US8897544B2 - System and method for segmentation of three-dimensional image data - Google Patents

System and method for segmentation of three-dimensional image data Download PDF

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US8897544B2
US8897544B2 US13514768 US201013514768A US8897544B2 US 8897544 B2 US8897544 B2 US 8897544B2 US 13514768 US13514768 US 13514768 US 201013514768 A US201013514768 A US 201013514768A US 8897544 B2 US8897544 B2 US 8897544B2
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class
plurality
slice
image data
identifiers
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Lauren A. Christopher
Yan Sun
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Indiana University Research and Technology Corp
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    • GPHYSICS
    • G06COMPUTING; CALCULATING; COUNTING
    • G06KRECOGNITION OF DATA; PRESENTATION OF DATA; RECORD CARRIERS; HANDLING RECORD CARRIERS
    • G06K9/00Methods or arrangements for reading or recognising printed or written characters or for recognising patterns, e.g. fingerprints
    • G06K9/62Methods or arrangements for recognition using electronic means
    • G06K9/6267Classification techniques
    • G06K9/6268Classification techniques relating to the classification paradigm, e.g. parametric or non-parametric approaches
    • G06K9/6277Classification techniques relating to the classification paradigm, e.g. parametric or non-parametric approaches based on a parametric (probabilistic) model, e.g. based on Neyman-Pearson lemma, likelihood ratio, Receiver Operating Characteristic [ROC] curve plotting a False Acceptance Rate [FAR] versus a False Reject Rate [FRR]
    • G06K9/6278Bayesian classification
    • GPHYSICS
    • G06COMPUTING; CALCULATING; COUNTING
    • G06TIMAGE DATA PROCESSING OR GENERATION, IN GENERAL
    • G06T1/00General purpose image data processing
    • G06T1/20Processor architectures; Processor configuration, e.g. pipelining
    • G06T7/0081
    • G06T7/0087
    • GPHYSICS
    • G06COMPUTING; CALCULATING; COUNTING
    • G06TIMAGE DATA PROCESSING OR GENERATION, IN GENERAL
    • G06T7/00Image analysis
    • G06T7/10Segmentation; Edge detection
    • G06T7/11Region-based segmentation
    • GPHYSICS
    • G06COMPUTING; CALCULATING; COUNTING
    • G06TIMAGE DATA PROCESSING OR GENERATION, IN GENERAL
    • G06T7/00Image analysis
    • G06T7/10Segmentation; Edge detection
    • G06T7/143Segmentation; Edge detection involving probabilistic approaches, e.g. Markov random field [MRF] modelling

Abstract

In one embodiment, a system for computing class identifiers for three-dimensional pixel data has been developed. The system comprises a plurality of class identifying processors, and a data grouper operatively connected to a first memory. Each class identifying processor has a plurality of inputs for at least one pixel value and a plurality of class identifiers for pixel values neighboring the at least one pixel value and each class identifying processor is configured to generate a class identifier for the at least one pixel value input with reference to the class identifiers for the neighboring pixel values. The data grouper is configured to retrieve a plurality of pixel values from the first memory and a plurality of class identifiers for pixel values neighboring the retrieved pixel values.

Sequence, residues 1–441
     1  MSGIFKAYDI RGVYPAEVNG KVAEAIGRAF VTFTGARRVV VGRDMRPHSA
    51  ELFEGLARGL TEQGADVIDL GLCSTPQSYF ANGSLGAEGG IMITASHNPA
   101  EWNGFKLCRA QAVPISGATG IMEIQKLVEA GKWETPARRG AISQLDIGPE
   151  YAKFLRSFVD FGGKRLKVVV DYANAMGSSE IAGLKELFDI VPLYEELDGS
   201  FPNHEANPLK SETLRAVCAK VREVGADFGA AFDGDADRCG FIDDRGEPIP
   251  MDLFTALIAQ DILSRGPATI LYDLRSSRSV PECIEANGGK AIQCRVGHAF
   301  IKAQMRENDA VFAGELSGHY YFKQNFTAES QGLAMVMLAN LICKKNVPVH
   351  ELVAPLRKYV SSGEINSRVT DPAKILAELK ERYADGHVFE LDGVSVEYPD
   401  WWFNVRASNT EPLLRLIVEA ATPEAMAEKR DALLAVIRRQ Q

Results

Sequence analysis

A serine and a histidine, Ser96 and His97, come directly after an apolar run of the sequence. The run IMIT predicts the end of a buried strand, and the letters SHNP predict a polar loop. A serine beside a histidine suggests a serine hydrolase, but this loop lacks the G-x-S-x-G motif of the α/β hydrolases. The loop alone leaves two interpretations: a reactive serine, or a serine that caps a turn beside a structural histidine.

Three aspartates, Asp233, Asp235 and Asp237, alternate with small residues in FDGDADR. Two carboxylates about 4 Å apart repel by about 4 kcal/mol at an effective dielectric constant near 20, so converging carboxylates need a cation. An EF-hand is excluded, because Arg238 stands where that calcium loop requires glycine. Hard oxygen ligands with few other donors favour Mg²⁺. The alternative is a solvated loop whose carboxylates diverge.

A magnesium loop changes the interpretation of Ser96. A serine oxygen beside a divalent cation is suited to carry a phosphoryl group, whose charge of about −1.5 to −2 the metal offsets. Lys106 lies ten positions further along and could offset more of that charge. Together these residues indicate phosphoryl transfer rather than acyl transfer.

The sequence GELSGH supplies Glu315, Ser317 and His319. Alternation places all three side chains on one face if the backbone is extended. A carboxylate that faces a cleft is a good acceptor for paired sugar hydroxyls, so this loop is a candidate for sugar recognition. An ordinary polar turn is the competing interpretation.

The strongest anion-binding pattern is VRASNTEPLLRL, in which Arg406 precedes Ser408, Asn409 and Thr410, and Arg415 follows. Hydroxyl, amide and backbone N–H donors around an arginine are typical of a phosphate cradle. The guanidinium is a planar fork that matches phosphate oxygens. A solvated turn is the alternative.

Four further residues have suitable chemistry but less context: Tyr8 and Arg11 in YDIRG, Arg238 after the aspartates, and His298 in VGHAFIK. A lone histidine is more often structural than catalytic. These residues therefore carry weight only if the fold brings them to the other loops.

Description

PRIORITY CLAIM

This application claims priority from U.S. Provisional Application No. 61/285,429, which is entitled “System And Method For Three-dimensional Segmentation Of Images Using Field Programmable Gate Arrays” and was filed on Dec. 10, 2009. This application claims further priority from international application number PCT/US2010/059955, which is entitled “System and Method for Segmentation of Three Dimensional Image Data” and was filed on Dec. 10, 2010.

TECHNICAL FIELD

The system and method described below relate to a computing architecture and methods for manipulating image data in general, and more particularly to segmentation of three-dimensional image data.

BACKGROUND

Computational analysis of digital data that correspond to images is of great use in a variety of applications that include medical imaging, artificial intelligence, biometric identification, defect detection in industrial applications, and various other fields. Image data may be two-dimensional, such as image data corresponding to a photograph, or three-dimensional image data. One common example of three-dimensional image data is image data generated by various medical imaging devices including magnetic resonance imaging (MRI) devices. These image data depict physical structures, such as organs of a subject undergoing an MRI, in a series of two-dimensional images taken at various locations along a third axis extending through the subject. The third dimension in three-dimensional image data may also represent a temporal dimension instead of a spatial dimension. For example, a video recording includes a multiple frames, where each frame is a two-dimensional image taken at a particular time. The three-dimensional image data represent multiple frames of the video taken at different times. In either case, the three-dimensional image data are often analyzed as an arrangement of “pixel” values. Each pixel contains image data corresponding to a single position in the three-dimensional space. Depending upon the contents of the image data, each pixel is assigned one or more values, typically numeric values, that represent information collected for the image at the location that the pixel represents.